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Letters: Go With the Flow, Chicago

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Go With the Flow, Chicago

Any plan advanced by the U.S Army Corps of Engineers or others to re-reverse the flow of the Chicago canal system will hasten the demise of Lake Michigan (ENR 5/21 p. 19). The Chicago River keeps 99.5% of the metropolitan area's stormwater and wastewater from discharging to the lake, arresting its rate of decline. Cities and watersheds in Indiana, Michigan and Wisconsin continue to discharge copious quantities of water containing non-regulated chemicals. Meanwhile, Asian carp have shown no inclination to move into the canal system due to its desolate habitat and absence of food for these voracious eaters. The Corps needs to be mindful of the impact on Lake Michigan.

The Great Lakes Commission study was "engineering lite," lacking thorough analysis of impacts. The options presented will result in increased pollution of Lake Michigan and local flooding.

Richard Lanyon

Evanston, Ill.

Tough Design-Build Law

In the project delivery feature article in the June 4 issue of ENR, "Greater Acceptance Aids Firms," the Design-Build Institute of America's Lisa Washington is quoted as saying that all but three states—Iowa, Nebraska and Oklahoma—allow the use of design-build on public projects. While Pennsylvania is generally a design-build participant, our state's design-build use should be footnoted here. Pennsylvania is one of only a few states in our country that still requires a multiple prime delivery method on publicly funded building projects.

The Pennsylvania Separations Act, as it is known, requires a public entity to bid and award at least four separate prime contracts per project. In those few instances when design-build is used on a public project, the state requires the design-build firms to bid and award mechanical, electrical and plumbing contracts to the lowest responsible bidders, as opposed to allowing a design-build firm to bring its own construction team.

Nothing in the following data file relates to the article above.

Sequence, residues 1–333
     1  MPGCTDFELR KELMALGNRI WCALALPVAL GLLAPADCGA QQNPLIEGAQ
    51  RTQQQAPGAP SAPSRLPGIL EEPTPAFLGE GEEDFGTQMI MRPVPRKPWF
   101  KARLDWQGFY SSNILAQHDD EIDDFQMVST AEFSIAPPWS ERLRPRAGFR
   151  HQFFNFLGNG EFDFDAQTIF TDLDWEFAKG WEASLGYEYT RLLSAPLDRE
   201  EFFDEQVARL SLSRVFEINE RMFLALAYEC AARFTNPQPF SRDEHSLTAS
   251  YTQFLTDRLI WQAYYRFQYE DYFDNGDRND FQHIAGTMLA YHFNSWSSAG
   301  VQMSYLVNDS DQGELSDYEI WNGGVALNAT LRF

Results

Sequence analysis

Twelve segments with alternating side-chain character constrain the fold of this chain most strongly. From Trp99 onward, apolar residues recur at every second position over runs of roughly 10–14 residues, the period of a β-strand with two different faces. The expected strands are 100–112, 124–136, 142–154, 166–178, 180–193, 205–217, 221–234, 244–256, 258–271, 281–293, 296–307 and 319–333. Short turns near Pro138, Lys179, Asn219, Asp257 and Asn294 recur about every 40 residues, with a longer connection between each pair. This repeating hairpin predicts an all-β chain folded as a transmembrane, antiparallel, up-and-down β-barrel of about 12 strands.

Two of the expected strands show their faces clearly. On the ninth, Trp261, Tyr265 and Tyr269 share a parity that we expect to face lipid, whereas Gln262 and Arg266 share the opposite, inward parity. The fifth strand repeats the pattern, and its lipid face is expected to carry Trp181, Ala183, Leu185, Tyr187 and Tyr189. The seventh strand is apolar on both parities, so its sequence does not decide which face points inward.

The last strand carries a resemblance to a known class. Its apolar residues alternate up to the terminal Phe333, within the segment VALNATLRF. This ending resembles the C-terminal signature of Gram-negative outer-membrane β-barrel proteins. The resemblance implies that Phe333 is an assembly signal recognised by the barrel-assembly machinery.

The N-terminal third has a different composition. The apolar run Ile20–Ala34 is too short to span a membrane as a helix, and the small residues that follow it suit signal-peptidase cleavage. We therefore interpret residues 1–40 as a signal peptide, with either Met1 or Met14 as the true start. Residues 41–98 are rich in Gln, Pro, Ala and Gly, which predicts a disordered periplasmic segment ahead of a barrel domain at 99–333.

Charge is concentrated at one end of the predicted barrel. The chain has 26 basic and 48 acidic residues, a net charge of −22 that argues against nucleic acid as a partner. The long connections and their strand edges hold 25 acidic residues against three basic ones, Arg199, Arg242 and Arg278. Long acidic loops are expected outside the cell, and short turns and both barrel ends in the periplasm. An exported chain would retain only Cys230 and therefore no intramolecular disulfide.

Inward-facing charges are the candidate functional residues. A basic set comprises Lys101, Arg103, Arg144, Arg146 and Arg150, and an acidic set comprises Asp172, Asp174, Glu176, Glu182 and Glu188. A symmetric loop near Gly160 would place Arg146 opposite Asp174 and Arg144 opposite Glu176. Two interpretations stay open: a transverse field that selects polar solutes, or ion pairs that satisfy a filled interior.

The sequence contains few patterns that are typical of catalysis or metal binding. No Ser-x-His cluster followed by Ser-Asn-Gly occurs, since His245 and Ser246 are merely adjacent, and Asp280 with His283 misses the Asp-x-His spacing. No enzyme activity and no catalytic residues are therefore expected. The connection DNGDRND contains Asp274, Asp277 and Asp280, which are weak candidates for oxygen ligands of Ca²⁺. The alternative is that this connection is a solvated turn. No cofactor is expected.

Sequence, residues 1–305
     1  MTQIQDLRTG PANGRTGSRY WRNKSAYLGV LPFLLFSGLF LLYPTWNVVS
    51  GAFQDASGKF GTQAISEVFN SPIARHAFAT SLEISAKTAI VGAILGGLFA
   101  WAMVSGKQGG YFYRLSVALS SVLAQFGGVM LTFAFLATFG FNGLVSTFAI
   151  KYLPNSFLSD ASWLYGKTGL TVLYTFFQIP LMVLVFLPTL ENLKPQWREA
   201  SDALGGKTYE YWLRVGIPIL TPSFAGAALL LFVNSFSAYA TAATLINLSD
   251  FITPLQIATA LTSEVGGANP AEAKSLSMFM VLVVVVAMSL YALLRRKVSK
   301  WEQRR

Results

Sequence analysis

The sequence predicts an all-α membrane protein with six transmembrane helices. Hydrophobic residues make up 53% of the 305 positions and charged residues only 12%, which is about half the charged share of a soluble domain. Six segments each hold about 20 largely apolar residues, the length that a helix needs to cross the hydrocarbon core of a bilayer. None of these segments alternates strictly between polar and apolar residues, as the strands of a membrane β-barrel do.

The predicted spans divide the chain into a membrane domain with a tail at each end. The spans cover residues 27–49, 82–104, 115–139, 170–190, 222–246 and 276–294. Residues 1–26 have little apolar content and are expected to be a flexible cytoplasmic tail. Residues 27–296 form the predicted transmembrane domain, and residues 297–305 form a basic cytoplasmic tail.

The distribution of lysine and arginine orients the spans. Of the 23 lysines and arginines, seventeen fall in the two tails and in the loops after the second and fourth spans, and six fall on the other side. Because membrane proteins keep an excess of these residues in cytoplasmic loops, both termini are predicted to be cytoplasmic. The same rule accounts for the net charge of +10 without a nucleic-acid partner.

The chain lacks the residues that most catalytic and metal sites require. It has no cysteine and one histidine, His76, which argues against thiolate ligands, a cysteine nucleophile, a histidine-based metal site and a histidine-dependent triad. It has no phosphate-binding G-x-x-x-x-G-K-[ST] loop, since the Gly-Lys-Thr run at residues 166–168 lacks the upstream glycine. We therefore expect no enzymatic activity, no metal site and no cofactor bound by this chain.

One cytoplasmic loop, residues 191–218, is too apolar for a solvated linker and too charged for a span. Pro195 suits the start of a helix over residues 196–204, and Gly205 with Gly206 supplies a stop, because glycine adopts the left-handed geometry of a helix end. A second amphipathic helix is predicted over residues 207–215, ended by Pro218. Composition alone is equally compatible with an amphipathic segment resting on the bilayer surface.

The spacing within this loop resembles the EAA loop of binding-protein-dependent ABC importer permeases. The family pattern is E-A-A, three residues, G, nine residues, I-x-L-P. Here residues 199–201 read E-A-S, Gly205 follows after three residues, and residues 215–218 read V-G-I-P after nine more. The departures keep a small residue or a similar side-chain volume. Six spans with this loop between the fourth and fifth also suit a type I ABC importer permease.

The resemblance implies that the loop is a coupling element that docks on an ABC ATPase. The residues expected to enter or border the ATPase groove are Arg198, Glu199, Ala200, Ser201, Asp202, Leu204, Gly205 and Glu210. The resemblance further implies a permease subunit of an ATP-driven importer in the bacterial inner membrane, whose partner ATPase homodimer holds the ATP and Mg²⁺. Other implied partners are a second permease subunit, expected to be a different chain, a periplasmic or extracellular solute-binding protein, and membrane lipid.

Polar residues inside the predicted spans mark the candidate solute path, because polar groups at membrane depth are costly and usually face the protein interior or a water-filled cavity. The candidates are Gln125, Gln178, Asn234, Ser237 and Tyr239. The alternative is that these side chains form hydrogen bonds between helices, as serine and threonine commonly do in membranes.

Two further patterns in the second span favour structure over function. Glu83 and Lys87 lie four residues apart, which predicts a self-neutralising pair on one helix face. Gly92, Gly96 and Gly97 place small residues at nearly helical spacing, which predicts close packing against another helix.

The use of the design-build delivery system in Pennsylvania's public construction market is so cumbersome, it's no wonder this delivery system is rarely used in the public sector, which I believe hampers the use of design-build in the private sector. The more success achieved by design-build will raise the awareness of it, leading others to contemplate using it in other sectors. The Master Builders' Association of Western Pennsylvania is one of many associations that are attempting to repeal this archaic 1913 law. If Pennsylvania ever wants to truly experience the benefits of design-build, we must modernize our procurement law to allow alternative delivery methods in the public sector.

Jack Ramage

Executive Director

Master Builders' Association of Western Pennsylvania Inc.

Piitsburgh

 

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